"Lots of good ideas are found in a pint, not so many in a quart, and I might have had a couple of quarts," Schulte says.
Still, he remembered reading a story about a soup delivery service in Austin, Texas. When he discovered that the owner was from Baltimore and had the same astrological sign (Aries), he figured this was a concept that might be his destiny. Black bean soup was the first of his creations for the newly named Happy Soup Eater. Chicken noodle soup followed soon thereafter, and suddenly he was filling dozens of orders from the kitchen at Lil's on 17th.
He found a space in Columbus Park, kept the Happy and named it after the street on which the former grocery store was located. Happy Gillis Cafe & Hangout opened in March 2008, serving signature soups, sandwiches and breakfast. The "happy empire" later grew with the addition of a happy wiener hot-dog cart.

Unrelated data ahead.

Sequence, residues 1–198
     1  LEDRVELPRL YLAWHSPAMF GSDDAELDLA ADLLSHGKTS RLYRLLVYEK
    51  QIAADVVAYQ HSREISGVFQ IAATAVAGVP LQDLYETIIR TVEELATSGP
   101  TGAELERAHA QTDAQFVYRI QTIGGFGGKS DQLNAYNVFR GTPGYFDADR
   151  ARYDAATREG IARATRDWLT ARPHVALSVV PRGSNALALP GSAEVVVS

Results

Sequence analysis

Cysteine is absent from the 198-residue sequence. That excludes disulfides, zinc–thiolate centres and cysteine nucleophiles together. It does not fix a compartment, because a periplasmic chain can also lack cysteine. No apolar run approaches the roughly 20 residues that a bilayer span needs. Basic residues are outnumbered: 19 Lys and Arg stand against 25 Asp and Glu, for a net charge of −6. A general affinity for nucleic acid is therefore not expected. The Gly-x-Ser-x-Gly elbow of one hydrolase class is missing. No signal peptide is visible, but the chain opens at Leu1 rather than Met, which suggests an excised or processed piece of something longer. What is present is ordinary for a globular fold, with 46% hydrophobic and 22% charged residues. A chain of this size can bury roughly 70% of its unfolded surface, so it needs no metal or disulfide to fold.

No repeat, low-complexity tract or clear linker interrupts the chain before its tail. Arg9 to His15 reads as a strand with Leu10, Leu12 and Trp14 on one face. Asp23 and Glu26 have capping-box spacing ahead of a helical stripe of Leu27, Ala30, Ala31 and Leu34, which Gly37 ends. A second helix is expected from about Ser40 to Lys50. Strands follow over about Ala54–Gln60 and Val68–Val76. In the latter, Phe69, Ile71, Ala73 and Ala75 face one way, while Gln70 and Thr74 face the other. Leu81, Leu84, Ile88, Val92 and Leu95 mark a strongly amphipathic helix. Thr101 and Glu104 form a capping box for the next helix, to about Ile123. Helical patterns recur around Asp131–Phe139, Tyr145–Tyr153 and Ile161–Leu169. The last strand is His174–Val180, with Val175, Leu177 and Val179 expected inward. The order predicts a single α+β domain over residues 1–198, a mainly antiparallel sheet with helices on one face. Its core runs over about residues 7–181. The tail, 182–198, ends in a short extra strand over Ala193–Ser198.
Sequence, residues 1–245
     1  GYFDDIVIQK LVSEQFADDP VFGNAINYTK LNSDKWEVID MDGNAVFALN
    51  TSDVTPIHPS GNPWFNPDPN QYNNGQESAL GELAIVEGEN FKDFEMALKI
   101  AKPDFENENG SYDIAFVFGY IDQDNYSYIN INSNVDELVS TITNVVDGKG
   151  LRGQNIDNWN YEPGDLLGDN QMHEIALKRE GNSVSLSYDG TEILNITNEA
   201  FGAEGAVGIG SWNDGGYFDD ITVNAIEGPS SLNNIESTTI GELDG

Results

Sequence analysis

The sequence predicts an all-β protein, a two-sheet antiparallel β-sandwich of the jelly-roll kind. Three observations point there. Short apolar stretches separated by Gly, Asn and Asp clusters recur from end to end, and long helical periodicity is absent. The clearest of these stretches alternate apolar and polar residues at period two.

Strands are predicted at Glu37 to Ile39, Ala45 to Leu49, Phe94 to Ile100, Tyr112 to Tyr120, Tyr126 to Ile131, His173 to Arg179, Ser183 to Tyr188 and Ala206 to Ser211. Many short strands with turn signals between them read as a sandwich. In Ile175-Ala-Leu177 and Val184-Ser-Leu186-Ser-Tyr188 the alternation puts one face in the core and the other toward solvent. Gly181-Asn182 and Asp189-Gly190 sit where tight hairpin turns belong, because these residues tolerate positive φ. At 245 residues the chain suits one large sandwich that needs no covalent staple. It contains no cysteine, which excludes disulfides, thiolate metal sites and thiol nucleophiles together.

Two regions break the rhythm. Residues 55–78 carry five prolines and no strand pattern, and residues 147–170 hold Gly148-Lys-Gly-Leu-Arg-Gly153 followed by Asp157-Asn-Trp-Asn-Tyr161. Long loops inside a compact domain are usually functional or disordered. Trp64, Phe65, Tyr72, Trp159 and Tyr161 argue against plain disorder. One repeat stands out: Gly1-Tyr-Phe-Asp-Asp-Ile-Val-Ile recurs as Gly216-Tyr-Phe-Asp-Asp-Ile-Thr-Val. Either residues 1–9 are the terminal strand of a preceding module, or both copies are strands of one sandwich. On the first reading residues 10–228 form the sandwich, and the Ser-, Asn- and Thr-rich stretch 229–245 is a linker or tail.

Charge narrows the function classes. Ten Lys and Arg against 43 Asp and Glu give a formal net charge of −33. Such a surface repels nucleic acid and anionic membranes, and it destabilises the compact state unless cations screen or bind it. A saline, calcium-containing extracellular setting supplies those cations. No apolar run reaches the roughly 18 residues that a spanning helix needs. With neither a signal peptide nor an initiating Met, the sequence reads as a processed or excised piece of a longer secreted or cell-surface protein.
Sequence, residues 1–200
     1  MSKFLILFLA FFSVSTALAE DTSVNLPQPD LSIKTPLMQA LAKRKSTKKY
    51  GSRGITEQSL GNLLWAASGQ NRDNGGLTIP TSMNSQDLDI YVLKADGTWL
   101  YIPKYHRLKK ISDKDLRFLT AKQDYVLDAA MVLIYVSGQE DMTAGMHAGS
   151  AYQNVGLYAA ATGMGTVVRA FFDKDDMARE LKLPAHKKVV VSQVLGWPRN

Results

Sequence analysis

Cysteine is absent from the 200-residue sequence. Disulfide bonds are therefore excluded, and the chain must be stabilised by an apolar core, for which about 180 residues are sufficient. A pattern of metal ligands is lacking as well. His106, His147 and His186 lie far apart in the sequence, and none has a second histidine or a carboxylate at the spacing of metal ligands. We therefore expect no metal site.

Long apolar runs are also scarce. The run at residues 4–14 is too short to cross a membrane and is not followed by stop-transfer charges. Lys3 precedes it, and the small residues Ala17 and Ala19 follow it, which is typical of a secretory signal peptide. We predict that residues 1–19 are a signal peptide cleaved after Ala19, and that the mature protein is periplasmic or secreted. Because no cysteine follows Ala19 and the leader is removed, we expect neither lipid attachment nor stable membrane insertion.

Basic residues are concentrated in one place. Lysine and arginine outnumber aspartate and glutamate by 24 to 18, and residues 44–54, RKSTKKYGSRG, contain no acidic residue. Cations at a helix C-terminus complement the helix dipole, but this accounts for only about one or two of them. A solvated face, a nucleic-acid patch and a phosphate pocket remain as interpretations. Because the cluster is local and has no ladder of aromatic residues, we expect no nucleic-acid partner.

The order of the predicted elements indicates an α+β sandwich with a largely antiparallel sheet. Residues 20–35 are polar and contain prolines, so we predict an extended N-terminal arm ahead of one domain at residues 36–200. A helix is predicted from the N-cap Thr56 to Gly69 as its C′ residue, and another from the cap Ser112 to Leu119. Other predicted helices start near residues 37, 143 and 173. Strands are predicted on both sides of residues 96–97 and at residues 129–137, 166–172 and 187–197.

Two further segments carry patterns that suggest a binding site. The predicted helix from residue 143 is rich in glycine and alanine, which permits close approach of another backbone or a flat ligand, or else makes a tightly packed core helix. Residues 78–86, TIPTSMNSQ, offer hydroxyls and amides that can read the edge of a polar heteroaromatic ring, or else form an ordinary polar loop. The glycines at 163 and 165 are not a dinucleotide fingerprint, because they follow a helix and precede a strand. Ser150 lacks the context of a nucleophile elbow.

"Columbus Park still has a lot to offer. And we're hoping we've created this little informal hub for the neighborhood to enjoy," Schulte says.
The success of Happy Gillis has led to other opportunities for Schulte and Zinn. Developer Bill Hall approached them about converting a former gas station in the West Bottoms into a restaurant. Four months ago, they opened the Genessee Royale Bistro in the newly christened Stockyards District. The name is a nod to the French settlers of the area, and the cozy bistro sprang from Tracy's imagination.
"For right now, the happy empire is happy with its three little parts," jokes Schulte.
That is until Oprah's network, OWN, comes calling.